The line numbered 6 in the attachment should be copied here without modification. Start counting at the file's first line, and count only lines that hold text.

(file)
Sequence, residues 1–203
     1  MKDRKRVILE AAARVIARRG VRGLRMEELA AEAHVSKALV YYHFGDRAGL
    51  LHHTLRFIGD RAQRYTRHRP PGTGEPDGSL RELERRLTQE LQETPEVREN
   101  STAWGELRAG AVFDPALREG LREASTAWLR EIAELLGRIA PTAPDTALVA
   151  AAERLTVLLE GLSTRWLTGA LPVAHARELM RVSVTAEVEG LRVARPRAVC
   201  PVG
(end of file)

   201  PVG